Open core isn't going away
On the surface, it would seem that the open-core business model could lose its popularity among open source cloud infrastructure providers. Bryce's comment about the features of cloud infrastructure "at scale" being too much of a table stake to only be available in a commercial extension to an open-core product does appear relevant.
Cloud.com quickly followed up the OpenStack announcement with a pledge to support OpenStack. As noted above, Cloud.com utilizes an open-core business model and is unlikely to reject the open-core model as a result of OpenStack. Rather, it's more likely that Cloud.com will utilize OpenStack components within Cloud.com's commercial product offering.
Next, considering Eucalyptus, cloud pundit and ex-cloud computing strategist at Canonical Simon Wardley writes:
This is also surprisingly good news for Eucalyptus if they move towards an entirely open approach. In such circumstance, the probability is we're going to end up with a straight forward "clash of the titans" between Eucalyptus and OpenStack to become the Apache of Cloud Computing. Don't be surprised if Eucalyptus even go so far as to adopt some of OpenStack's work. Marten Mickos is an astute businessman and there are many ways they can turn this to their advantage.
It would appear that OpenStack simply alters the landscape of features that are publicly available in an open source package versus features that are only available to paying customers. It should be noted that product support and maintenance is a feature, one that can be bundled with a for-fee product.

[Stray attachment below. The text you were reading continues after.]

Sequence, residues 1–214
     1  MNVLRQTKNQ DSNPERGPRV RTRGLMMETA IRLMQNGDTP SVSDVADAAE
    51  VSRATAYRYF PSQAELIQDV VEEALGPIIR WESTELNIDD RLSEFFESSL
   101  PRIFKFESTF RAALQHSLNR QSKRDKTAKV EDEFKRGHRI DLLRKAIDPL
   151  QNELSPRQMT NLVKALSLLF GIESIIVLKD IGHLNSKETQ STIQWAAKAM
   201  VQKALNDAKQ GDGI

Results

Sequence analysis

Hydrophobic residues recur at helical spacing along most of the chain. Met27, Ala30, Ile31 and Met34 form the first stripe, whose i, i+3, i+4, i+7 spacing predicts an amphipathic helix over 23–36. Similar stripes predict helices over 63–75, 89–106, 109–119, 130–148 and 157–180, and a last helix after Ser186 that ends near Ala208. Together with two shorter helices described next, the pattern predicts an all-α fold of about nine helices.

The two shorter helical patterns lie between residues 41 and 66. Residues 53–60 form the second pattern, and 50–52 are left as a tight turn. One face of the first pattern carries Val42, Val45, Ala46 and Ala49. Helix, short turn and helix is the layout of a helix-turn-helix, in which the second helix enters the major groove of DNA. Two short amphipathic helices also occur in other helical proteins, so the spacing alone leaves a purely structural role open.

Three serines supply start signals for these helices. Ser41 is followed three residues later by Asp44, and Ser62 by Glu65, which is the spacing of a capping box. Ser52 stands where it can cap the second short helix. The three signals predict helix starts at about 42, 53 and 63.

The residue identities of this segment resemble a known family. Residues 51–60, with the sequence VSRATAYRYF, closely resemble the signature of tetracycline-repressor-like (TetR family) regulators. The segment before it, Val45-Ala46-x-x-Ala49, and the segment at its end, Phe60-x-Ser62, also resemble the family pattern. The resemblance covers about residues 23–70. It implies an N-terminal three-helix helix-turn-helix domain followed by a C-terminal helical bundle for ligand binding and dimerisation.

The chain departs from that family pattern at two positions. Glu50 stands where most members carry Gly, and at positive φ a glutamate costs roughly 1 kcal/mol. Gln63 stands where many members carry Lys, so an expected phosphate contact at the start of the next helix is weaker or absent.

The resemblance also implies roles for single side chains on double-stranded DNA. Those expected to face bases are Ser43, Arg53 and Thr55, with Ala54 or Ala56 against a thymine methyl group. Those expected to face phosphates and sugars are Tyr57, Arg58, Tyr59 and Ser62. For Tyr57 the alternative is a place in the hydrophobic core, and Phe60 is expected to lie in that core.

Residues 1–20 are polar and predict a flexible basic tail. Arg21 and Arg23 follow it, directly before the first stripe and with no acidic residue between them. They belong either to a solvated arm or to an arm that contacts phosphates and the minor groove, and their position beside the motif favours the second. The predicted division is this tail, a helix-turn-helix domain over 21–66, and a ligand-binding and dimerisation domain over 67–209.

Select products based on business needs, not license alone
It's also interesting to note that very few enterprises are in NASA's position with regard to size of IT investment and skills in-house. While NASA engineers were ready and willing to contribute new features into the Eucalyptus open source community, few companies have the skills or governance to consider allowing their developers to contribute to open source projects. Summary trend No. 7 from the 2010 Eclipse survey results highlighted this issue.
To suggest that NASA's buying or IT decision making patterns represent much more than the top 1 percent of IT buyers would be a stretch.
The overwhelming majority of enterprises would rather pay a vendor to deliver, maintain, support, and enhance their private cloud software infrastructure than place that burden on internal IT staff. Whether the enterprise is paying for a closed source commercial product, a commercial product based on an open-core product, or a subscription to an open source product, the product selection decision will be made based on business requirements much broader than whether the product is open source.
Vendors are increasingly aware that customers select products that are both easy to adopt and easy to migrate away from. The opportunity to migrate away from a software platform relies on open standards and open data formats, and multiple implementations of these standards and formats, to a much higher degree than open source code alone. Supporting open standards and open data formats has little to do with the business model that a vendor selects to generate revenue from its efforts. Keep this in mind when deliberating between open source, open-core, and commercial private cloud software infrastructures.
This article, "OpenStack will not kill open core," was originally published at InfoWorld.com. Read more of Rodrigues et al.'s Open Sources blog and follow the latest developments in open source at InfoWorld.com.